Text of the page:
"They are focusing on the future. They are saying that these are countries and companies in these countries are now having critical mass and over the next ten to thirty years, the global multinationals of the world will come from emerging markets, rather than from the US. So don't be surprised if the next GE is from emerging markets. Tata Motors might be the next GE."

He warns though that the competitive cost structures won't be around forever and that as wages escalate in India, cost erosion will take place. He adds, "The second aspect, which is very important, is the domestic markets. They are now much bigger with 10-15 years of good growth, in these markets and with interest rates have been brought down, affordability is much higher. So, emerging markets, incrementally, now provide 50%-70% of the growth - led by China and a lot of the global multinationals. So this has opened up a huge domestic market for companies."

He also feels that India is actually a more attractive destination than China. As an investor in the Indian stock market and having looked at companies from the bottom up, he realized Indian companies were more attractive.

He says, "Indian companies actually have a true cost of capital. So there is a big focus on profitability and it has been magnified in the last five years. There has been a lot of focus on cashflow generation. These are companies - while a lot of them are very small but they have the ability to scale up their business models, restructure and become globally competitive after trade barriers came down in the late 1990s.

"In China, on the contrary, what we see is that the top-down picture is very attractive. The government has been very sanguine on getting investments and we all know that China gets close to $70 billion of foreign direct investment, FDI, and great infrastructure. But the quality of the companies are much inferior. A significant portion of the domestic markets are state- owned enterprises, that are heavily mismanaged and those that have been privatised are also having significant corporate governance issues and low profitability. I also think that the realisation that minority investors actually look for profit is not there in China. That is the biggest difference."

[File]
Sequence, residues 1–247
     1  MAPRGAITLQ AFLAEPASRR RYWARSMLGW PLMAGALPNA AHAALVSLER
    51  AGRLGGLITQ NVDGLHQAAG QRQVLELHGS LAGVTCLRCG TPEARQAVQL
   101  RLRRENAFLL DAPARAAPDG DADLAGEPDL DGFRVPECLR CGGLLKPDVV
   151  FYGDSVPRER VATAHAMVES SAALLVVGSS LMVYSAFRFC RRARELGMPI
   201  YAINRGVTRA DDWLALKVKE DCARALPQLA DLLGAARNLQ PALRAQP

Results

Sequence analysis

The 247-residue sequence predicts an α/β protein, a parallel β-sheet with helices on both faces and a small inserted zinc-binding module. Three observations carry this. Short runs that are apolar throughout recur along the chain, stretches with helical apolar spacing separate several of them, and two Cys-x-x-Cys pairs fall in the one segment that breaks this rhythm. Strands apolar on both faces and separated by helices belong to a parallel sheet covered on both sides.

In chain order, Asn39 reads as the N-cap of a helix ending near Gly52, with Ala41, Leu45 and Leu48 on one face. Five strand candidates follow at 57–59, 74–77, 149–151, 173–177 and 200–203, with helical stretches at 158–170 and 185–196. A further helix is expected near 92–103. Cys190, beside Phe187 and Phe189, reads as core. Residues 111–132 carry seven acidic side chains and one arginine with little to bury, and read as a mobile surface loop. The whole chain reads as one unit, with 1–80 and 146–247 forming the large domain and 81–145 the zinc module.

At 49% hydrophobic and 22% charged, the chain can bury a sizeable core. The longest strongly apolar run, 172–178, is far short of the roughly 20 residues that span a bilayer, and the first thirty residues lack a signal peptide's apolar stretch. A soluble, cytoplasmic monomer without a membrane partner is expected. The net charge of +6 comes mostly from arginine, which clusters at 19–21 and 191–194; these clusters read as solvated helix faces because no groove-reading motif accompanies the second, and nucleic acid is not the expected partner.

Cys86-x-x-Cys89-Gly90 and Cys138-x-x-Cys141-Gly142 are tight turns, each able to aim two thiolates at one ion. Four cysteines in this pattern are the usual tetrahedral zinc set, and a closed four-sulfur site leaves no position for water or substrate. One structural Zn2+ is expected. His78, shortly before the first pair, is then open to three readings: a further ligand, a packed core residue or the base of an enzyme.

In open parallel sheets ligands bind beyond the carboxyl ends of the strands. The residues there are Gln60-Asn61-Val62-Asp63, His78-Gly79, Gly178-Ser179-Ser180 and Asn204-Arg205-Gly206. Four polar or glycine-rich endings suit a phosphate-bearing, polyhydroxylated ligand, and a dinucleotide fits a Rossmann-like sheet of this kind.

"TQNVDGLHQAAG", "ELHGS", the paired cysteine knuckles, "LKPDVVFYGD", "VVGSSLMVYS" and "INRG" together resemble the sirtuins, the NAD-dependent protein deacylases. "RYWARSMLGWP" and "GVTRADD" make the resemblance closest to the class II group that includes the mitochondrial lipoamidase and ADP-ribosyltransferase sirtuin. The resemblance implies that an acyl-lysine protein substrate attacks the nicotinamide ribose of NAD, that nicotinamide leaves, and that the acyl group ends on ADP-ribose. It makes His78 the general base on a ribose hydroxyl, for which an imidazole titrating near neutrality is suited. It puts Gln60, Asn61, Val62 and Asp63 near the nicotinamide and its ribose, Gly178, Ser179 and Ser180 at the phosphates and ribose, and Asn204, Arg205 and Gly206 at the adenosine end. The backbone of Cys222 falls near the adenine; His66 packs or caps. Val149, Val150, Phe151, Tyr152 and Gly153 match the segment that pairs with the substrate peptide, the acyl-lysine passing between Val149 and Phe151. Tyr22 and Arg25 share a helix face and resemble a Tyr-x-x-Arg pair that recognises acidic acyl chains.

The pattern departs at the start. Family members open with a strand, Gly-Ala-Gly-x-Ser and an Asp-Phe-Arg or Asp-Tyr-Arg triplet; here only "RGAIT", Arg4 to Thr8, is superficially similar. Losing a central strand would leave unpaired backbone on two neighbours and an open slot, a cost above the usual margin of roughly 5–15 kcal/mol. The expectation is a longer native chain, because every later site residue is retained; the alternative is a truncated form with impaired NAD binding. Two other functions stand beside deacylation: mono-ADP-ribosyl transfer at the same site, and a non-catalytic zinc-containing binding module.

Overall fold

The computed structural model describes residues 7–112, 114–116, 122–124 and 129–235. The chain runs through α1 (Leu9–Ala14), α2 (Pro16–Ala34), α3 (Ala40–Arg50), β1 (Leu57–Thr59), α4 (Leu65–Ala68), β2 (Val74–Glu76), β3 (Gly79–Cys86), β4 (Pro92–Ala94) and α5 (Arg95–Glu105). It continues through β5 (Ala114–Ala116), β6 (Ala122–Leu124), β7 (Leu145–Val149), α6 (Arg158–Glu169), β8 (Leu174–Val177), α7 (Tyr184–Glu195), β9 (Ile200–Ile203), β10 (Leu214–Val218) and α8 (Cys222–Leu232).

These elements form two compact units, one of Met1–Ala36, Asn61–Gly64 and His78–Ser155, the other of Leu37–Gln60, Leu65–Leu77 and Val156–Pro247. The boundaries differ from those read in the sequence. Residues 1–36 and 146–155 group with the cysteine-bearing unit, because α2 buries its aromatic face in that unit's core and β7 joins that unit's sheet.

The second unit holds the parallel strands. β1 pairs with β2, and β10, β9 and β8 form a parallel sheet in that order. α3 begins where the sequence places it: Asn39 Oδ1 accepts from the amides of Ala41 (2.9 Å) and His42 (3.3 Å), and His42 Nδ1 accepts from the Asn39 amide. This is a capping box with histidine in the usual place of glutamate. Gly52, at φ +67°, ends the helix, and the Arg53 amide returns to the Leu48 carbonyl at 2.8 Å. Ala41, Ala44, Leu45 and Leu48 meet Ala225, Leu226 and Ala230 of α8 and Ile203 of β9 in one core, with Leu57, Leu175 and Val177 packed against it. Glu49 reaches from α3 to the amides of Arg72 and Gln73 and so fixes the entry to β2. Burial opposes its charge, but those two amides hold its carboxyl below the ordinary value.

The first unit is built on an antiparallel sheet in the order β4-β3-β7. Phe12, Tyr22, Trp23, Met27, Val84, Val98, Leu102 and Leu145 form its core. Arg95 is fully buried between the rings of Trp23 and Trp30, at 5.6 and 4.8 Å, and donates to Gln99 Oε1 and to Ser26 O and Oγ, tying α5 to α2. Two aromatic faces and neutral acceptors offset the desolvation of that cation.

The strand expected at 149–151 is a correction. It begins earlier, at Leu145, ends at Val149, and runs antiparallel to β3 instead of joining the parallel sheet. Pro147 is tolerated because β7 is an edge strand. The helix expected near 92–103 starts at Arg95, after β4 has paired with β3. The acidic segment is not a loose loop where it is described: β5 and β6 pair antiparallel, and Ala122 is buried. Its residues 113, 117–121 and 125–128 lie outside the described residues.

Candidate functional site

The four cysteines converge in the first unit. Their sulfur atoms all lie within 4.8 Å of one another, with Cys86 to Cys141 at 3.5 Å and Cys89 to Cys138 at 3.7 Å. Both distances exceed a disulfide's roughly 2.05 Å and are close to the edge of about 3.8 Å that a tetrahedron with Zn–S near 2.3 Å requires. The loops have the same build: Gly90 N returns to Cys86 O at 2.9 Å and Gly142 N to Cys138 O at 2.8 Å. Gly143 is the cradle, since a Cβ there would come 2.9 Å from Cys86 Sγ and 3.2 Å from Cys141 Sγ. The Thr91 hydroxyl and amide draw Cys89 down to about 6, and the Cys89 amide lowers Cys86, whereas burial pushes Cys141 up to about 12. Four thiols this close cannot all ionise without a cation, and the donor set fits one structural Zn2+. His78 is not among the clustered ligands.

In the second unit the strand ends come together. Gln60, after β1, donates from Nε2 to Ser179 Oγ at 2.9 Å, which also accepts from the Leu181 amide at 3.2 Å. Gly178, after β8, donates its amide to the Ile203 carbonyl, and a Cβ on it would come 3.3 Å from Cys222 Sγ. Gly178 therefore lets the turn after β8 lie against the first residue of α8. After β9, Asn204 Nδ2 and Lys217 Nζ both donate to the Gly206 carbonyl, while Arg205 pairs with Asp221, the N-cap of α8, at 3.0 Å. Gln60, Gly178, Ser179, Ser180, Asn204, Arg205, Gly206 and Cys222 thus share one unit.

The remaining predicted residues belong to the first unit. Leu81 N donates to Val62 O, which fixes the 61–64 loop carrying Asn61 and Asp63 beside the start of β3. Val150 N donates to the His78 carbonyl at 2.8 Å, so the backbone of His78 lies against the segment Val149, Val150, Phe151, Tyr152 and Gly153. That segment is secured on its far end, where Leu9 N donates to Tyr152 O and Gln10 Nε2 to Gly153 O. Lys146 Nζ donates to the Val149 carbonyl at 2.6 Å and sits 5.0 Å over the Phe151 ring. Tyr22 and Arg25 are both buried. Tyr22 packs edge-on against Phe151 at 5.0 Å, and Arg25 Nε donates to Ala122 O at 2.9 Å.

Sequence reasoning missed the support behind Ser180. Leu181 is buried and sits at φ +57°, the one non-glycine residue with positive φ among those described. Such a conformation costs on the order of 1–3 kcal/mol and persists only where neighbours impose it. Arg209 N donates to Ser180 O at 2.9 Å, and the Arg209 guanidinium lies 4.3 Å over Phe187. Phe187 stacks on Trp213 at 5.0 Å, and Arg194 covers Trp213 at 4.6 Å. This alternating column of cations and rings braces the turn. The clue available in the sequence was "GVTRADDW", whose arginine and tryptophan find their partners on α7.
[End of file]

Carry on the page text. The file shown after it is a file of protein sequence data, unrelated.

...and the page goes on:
But that apart, China will actually pick itself up from any economic slowdown and continue to be a dominant global power. Meanwhile, he says, if India gets all of its reforms and restructuring in place, then India could actually take some of that burden from China and provide the growth engine into the next century.

While, he looks at companies balancehsheets, he also checks out the management and sees if they are cost competitive, have a niche in the market, have innovative technology and can it hold on in a fight for marketshare, when it comes down to it. Also, whether the management has actually delivered on promises they have made matters.

He explains. "Actually spending time with their clients, their supply chain managements and their vendors helps us to see what do they think of the management, because sometimes that is a great indicator of their capabilities. If their clients or their suppliers don't have confidence in them, then as investors we shouldn't either."

However, for the moment, he is bullish on India. He says, "Our allocation to India is almost about $1 billion at current NAV. It is actually a very fairly diversified portfolio. We run fairly concentrated positions in terms of the number of holdings that we have in the portfolio, but it is diversified across various sectors. Among the holdings, we have a lot of midcaps or smallcaps companies and a combination of companies that we believe would grow into a largecaps over a period of time."

Another region that he thinks is an upcoming emerging market is Latin America but on the whole, he affirms, this century does in fact belong to Asia.

Written for www.moneycontrol.com